update-alternatives [option...] command
update-alternatives creates, removes, maintains and displays informa-
tion about the symbolic links comprising the Debian alternatives sys-
It is possible for several programs fulfilling the same or similar
functions to be installed on a single system at the same time. For
example, many systems have several text editors installed at once.
This gives choice to the users of a system, allowing each to use a dif-
ferent editor, if desired, but makes it difficult for a program to make
a good choice for an editor to invoke if the user has not specified a
Debian's alternatives system aims to solve this problem. A generic
name in the filesystem is shared by all files providing interchangeable
functionality. The alternatives system and the system administrator
together determine which actual file is referenced by this generic
name. For example, if the text editors ed(1) and nvi(1) are both
installed on the system, the alternatives system will cause the generic
name /usr/bin/editor to refer to /usr/bin/nvi by default. The system
administrator can override this and cause it to refer to /usr/bin/ed
instead, and the alternatives system will not alter this setting until
explicitly requested to do so.
The generic name is not a direct symbolic link to the selected alterna-
tive. Instead, it is a symbolic link to a name in the alternatives
directory, which in turn is a symbolic link to the actual file refer-
enced. This is done so that the system administrator's changes can be
confined within the /etc directory: the FHS (q.v.) gives reasons why
this is a Good Thing.
When each package providing a file with a particular functionality is
installed, changed or removed, update-alternatives is called to update
information about that file in the alternatives system. update-alter-
natives is usually called from the postinst (configure) or prerm
(remove and deconfigure) scripts in Debian packages.
It is often useful for a number of alternatives to be synchronized, so
that they are changed as a group; for example, when several versions of
the vi(1) editor are installed, the man page referenced by
/usr/share/man/man1/vi.1 should correspond to the executable referenced
by /usr/bin/vi. update-alternatives handles this by means of master
and slave links; when the master is changed, any associated slaves are
changed too. A master link and its associated slaves make up a link
Each link group is, at any given time, in one of two modes: automatic
or manual. When a group is in automatic mode, the alternatives system
will automatically decide, as packages are installed and removed,
whether and how to update the links. In manual mode, the alternatives
system will retain the choice of the administrator and avoid changing
When using the --config option, update-alternatives will list all of
the choices for the link group of which given name is the master alter-
native name. The current choice is marked with a '*'. You will then
be prompted for your choice regarding this link group. Depending on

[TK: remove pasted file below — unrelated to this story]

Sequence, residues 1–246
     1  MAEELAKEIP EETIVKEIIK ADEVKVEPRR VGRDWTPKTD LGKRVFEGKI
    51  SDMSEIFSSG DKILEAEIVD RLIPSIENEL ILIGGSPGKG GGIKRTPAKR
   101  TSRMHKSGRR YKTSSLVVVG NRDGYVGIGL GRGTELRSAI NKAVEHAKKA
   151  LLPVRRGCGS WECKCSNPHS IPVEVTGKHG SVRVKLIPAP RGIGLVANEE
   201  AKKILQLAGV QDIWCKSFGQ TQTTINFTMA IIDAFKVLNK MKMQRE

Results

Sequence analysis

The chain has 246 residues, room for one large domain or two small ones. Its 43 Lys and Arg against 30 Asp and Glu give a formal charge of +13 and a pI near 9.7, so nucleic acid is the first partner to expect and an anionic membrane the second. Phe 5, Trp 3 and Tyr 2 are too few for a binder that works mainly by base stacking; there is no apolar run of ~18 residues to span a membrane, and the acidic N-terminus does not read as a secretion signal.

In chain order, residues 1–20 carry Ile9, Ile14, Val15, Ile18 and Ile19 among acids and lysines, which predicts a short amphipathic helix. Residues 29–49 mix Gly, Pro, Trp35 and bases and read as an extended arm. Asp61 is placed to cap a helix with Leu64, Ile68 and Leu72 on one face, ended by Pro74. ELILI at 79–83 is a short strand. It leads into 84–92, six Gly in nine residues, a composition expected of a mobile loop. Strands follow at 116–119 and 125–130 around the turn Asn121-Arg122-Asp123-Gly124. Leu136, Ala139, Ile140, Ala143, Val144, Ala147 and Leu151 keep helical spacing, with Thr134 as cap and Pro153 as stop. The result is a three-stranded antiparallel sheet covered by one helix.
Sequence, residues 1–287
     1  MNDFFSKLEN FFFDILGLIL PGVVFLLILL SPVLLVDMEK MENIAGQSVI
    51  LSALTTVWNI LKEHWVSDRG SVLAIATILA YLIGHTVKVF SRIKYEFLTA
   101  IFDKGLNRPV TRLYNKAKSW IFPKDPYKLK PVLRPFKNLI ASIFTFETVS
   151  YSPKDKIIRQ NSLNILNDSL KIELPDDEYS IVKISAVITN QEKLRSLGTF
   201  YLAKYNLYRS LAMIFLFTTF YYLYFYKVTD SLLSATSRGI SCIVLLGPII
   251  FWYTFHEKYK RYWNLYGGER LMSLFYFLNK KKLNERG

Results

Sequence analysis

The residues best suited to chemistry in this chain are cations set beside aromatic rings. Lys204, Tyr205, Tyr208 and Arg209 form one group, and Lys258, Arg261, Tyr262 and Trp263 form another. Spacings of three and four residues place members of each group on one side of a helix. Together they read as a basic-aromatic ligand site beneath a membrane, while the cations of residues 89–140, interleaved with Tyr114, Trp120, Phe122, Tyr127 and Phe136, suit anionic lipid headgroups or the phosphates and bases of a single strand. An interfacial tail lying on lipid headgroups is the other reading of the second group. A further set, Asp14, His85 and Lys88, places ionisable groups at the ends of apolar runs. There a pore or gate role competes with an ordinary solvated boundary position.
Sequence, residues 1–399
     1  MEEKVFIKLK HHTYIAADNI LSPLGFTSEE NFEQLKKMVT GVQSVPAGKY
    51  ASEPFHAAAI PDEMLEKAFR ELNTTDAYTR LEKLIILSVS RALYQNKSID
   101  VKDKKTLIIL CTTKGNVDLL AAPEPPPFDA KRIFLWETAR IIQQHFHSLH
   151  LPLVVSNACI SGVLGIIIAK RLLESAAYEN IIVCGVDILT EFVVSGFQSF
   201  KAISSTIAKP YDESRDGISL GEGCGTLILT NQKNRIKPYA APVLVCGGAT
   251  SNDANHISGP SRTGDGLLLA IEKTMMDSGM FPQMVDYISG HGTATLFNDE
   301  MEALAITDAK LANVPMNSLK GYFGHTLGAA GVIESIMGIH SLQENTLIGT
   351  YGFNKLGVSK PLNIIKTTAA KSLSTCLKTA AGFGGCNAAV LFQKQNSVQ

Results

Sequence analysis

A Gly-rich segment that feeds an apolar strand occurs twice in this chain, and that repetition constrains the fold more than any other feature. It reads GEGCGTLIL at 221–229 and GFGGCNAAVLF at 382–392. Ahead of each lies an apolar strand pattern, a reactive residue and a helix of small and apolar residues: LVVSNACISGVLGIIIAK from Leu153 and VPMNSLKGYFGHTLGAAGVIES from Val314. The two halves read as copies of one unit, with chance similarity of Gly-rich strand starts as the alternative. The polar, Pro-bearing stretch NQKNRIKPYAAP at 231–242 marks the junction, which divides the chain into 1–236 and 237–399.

the choice made, the link group might no longer be in auto mode. You
will need to use the --auto option in order to return to the automatic
mode (or you can rerun --config and select the entry marked as auto-
If you want to configure non-interactively you can use the --set option
instead (see below).
Different packages providing the same file need to do so cooperatively.
In other words, the usage of update-alternatives is mandatory for all
involved packages in such case. It is not possible to override some
file in a package that does not employ the update-alternatives mecha-
Since the activities of update-alternatives are quite involved, some
specific terms will help to explain its operation.
generic name (or alternative link)
A name, like /usr/bin/editor, which refers, via the alternatives
system, to one of a number of files of similar function.
The name of a symbolic link in the alternatives directory.
alternative (or alternative path)
The name of a specific file in the filesystem, which may be made
accessible via a generic name using the alternatives system.
A directory, by default /etc/alternatives, containing the sym-
A directory, by default /var/lib/dpkg/alternatives, containing
update-alternatives' state information.
A set of related symlinks, intended to be updated as a group.
The alternative link in a link group which determines how the
other links in the group are configured.
An alternative link in a link group which is controlled by the
setting of the master link.
When a link group is in automatic mode, the alternatives system
alternatives directory, and path is the alternative being intro-
duced for the master link. The arguments after --slave are the
generic name, symlink name in the alternatives directory and the
alternative path for a slave link. Zero or more --slave
options, each followed by three arguments, may be specified.
Note that the master alternative must exist or the call will
fail. However if a slave alternative doesn't exist, the corre-
sponding slave alternative link will simply not be installed (a
warning will still be displayed). If some real file is installed
where an alternative link has to be installed, it is kept unless
--force is used.
If the alternative name specified exists already in the alterna-
tives system's records, the information supplied will be added
as a new set of alternatives for the group. Otherwise, a new